After the lenses 30 and 31 have been inserted into their rings 60 and 61 and the cap 40 attached to the body 23, the capsule 11 is inserted into the capsule-accommodating interior recess 19 formed in the thermally conductive well 20. To heat the well and capsule, an electric heating element 70 can be mechanically abutted against the well 20, as by a C-clamp 71 or other convenient structure. Thus, heat generated by the heater element 70 is conducted through the thermally conductive well 20 to the capsule 11, thereby causing the solution temperature to rise and asepticizing action to occur.
It is a feature of this invention that electrical energy is conserved, the maximum temperature reached in the autoclave is of a relatively low order, and no runaway thermostat arrangement is required. To this end, a thermostat device 80 is provided as shown in FIG. 3. Here, this thermostat 80 includes a relatively short electrical contact 81 located to face an extended contact 82; each contact is mated with an electrical lead 83 and 84. These contact and lead pairs 81-83 and 82 -84 are insulated from one another and from other autoclave parts by electrical insulator 87 and 88. A bimetallic strip 89 in thermal communication with the well 20 is located near the extended contact 82. When the bimetallic strip 89 is heated, it is deformed and bends toward the contact 82 in well known manner. An electrically insulated contact point 91 engages the extended end 92 of the contact 82, and pushes the contact 82 away from its mating contact 81, thereby breaking the circuit. Adjustment of thermostat circuit breaking temperature is accomplished by an adjustment screw 95 mounted upon a pedestal 96. When the screw is axially reset, greater or less bimetallic strip motion will be required to break the contacts and de-energize the well heater circuit.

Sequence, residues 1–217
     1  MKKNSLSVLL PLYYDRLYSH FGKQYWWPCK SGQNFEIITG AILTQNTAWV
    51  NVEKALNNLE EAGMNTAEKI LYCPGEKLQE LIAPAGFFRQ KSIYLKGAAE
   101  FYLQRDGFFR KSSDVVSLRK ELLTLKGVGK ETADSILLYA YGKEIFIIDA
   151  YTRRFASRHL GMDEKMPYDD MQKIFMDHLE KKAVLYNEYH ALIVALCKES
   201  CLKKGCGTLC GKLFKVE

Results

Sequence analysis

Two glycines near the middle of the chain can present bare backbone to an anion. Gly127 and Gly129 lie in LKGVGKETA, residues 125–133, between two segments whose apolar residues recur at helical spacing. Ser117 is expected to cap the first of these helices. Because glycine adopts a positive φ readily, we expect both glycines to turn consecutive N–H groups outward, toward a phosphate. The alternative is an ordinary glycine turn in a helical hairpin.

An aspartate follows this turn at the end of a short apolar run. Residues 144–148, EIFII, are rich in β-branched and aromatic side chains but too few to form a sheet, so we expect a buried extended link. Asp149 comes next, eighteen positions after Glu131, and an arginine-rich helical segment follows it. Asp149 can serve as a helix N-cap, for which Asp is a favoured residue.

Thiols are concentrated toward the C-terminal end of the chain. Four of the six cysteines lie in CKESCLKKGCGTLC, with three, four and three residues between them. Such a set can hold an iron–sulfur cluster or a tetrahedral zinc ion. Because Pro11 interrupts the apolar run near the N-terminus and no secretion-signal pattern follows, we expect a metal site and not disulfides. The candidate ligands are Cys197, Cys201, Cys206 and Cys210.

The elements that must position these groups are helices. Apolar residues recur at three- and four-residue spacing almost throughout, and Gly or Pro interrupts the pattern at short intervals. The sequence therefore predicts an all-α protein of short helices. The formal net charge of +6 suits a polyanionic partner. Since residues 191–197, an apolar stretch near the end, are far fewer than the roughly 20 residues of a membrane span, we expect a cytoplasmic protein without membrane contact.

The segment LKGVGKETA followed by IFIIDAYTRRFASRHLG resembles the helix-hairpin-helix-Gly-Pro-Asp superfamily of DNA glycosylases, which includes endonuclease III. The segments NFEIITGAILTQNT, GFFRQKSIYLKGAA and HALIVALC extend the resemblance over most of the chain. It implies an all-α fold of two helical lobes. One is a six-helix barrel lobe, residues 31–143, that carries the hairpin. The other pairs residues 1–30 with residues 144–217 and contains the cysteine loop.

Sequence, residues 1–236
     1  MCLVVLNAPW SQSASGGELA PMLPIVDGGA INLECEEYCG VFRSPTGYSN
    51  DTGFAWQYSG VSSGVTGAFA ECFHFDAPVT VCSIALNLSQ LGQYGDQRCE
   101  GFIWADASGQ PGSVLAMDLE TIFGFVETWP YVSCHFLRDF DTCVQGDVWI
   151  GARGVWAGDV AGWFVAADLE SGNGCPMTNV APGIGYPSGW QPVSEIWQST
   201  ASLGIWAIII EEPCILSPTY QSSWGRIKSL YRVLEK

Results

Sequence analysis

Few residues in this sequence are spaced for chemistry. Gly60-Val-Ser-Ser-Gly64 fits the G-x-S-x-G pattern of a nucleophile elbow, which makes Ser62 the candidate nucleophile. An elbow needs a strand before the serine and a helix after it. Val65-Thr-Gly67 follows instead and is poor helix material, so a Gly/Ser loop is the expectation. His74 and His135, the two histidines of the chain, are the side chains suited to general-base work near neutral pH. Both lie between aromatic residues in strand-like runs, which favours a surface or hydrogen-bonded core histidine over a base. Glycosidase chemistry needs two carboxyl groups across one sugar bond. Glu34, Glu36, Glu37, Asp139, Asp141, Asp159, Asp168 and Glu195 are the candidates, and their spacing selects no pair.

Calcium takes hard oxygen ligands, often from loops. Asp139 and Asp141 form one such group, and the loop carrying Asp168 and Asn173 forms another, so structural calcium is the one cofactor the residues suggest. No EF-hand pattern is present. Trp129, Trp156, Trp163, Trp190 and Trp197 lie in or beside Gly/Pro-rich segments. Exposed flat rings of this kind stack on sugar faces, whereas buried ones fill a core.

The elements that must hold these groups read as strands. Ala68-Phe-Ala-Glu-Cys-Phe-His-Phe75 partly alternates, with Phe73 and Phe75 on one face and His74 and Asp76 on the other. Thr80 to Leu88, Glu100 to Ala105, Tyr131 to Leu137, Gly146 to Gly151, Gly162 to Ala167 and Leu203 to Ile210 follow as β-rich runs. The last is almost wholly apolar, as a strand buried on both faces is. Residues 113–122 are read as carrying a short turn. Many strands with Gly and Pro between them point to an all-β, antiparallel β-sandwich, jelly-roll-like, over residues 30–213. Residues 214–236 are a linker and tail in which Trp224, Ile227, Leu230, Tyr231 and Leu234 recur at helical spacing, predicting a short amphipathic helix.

As can be seen from FIGS. 1 and 3, the heating element 70 is in conductive engagement with a surface portion of the well 20 at a first selected location. At a second selected location, and generally diametrically opposed to the heating element 70, there is mounted the thermostat 80 which is also in contact with the exterior surface of the well 20. Accordingly, the surface portion of the well 20 proximate said thermostat 80 will not be heated by the heating element 70 until such time as the interior well 19 has become totally and completely raised to the desired temperature. Thus, it is assured that the well 19 and the associated lens caps 11 will be heated to the desired sterilization temperature before the thermostat 80 is activated to de-energize the heater 70. As an additional matter, the bimetallic latch 114 is preferably located at a third exterior position with respect to the well 20, which position is intermediate the heater 70 and thermostat 80, such that the rate of heat transferred to the bimetallic latch 114 is greater than the rate of transfer to the thermostat 80. Thus, this arrangement assures that the bimetallic latch 14 is operated to lock the cover in a closed position at a safe temperature level, well before the sterilizing temperature sufficient to activate the thermostat is reached.